Columns » Opinion


December 8, 2018   ·   0 Comments

By Corrie Clark

When I was growing up in small town Ontario, there were few things that delighted us local kids more than the sight of the ice cream truck and the sound of that sickeningly sweet, yet slightly psychotic, circus tune approaching your street.
Like the Pied Piper, kids would come out of all sorts of places to greet a man in a van for a delicious treat.
Back then the act of the ice cream man luring children to his business was a relatively normal one, as many entrepreneurs and businesses approached your street every day. Our mothers got milk from the milkman, and bread from the bread man. The bread man of my childhood even sold penny candy to all the kids, because he really liked kids.
And he did it in a way that would give heart attacks to parents today.
We went into the bread truck and picked it out from little bins. In the poorer neighborhoods he just gave kids the candy.
It was the 1970s and everything was the set up for a Movie of the Week.
But these deliverymen usually had a route for years, kept a community together and provided an essential service to those who weren’t mobile enough to be able to go and get supplies.
They knew what people needed.
The milkman and the bread man are long gone these days, even though some of the jokes we make about them still linger.
There’s something to be said for the mobile business or delivery person. There were also the local salespeople…ones who sold encyclopedias, or Amway or Avon.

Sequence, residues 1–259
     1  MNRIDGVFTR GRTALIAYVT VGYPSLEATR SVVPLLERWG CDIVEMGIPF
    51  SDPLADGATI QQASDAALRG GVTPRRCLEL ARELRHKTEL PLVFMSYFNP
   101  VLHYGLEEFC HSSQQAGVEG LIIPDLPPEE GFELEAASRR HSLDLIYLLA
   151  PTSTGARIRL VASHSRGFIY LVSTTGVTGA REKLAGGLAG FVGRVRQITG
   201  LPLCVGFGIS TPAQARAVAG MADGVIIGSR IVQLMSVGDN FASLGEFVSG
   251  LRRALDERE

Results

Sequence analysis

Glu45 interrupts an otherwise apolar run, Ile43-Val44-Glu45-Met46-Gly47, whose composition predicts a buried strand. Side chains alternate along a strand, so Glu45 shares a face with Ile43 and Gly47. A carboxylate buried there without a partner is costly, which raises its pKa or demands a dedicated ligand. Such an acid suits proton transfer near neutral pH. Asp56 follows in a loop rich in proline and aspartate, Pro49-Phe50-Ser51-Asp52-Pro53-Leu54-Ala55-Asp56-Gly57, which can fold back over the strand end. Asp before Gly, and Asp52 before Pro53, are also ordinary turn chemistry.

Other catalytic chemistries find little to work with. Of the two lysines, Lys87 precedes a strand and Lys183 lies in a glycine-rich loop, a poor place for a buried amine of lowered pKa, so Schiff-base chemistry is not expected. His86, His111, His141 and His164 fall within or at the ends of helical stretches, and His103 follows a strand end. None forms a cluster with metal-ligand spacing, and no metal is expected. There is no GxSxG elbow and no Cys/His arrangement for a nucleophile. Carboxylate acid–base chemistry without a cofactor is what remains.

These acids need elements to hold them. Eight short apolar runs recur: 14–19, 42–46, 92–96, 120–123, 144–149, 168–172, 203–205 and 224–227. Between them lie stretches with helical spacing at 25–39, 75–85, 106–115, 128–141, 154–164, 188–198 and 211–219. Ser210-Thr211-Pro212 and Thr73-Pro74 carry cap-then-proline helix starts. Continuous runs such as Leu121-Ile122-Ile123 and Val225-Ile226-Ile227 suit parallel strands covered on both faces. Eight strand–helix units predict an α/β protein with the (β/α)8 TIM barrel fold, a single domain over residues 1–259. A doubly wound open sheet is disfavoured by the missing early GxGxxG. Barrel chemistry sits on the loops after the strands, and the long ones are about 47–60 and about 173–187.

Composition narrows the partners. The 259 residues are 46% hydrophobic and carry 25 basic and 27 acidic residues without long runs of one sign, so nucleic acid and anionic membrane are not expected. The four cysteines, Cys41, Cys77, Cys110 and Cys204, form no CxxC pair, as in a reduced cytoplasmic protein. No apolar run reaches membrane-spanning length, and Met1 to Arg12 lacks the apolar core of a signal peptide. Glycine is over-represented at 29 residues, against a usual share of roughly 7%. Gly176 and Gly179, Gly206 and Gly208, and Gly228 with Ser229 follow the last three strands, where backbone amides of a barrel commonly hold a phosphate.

My mother sold Avon briefly when I was a kid and I remember going door to door with her and her big blue bag. They were the same doors we hit up every spring trying to sell Girl Guide cookies. Often these were people you already knew. The ones doing the selling to you were family or friends who needed some extra cash.
A community is made up of large and small businesses, even the travelling or mobile cart variety. Ever notice the lack of “no solicitors or peddlers” signs now? That’s because there aren’t that many peddlers anymore.
We live in a world of packaged goods sold on keyboards. But sometimes you can still hear the music of the ice cream truck navigating along the streets of your neighborhood on a warm summer’s day. Once in a while you’ll hear the clanging of a bell… “Ding, ding… ding, ding” of the knife sharpener. This mobile business always looks nostalgic as if he’s been driving around the community without stopping for 50 years.
In fact, he probably has.
A lot of these peddler cars and carts have long histories and began in large cities.
Around 1900, there were thousands of mobile businesses in New York City. Today, less than a dozen mobile grinders or sharpeners exist.
Sure, you can get anything from Amazon dropped at your door, even your groceries… but it’s not the same as the solitary entrepreneur with time to talk and an expertise in his product of service.
This is a person who is happy to see you and feels like they are part of your day and community.
The first official hot dog cart started in 1893 in New York on Coney Island. And for over decade or so in Aurora, you can get a good dog and drink served up with conversation and connection right outside the Home Hardware on Wellington Street.
Every day in the summer months you’ll see a small gaggle of hungry lunchers gathered around this contractor’s connection spot.
That’s what these services and little businesses are… connectors. And it’s a great memory of a time where the people who sold to us or gave good service were as important as what we bought.



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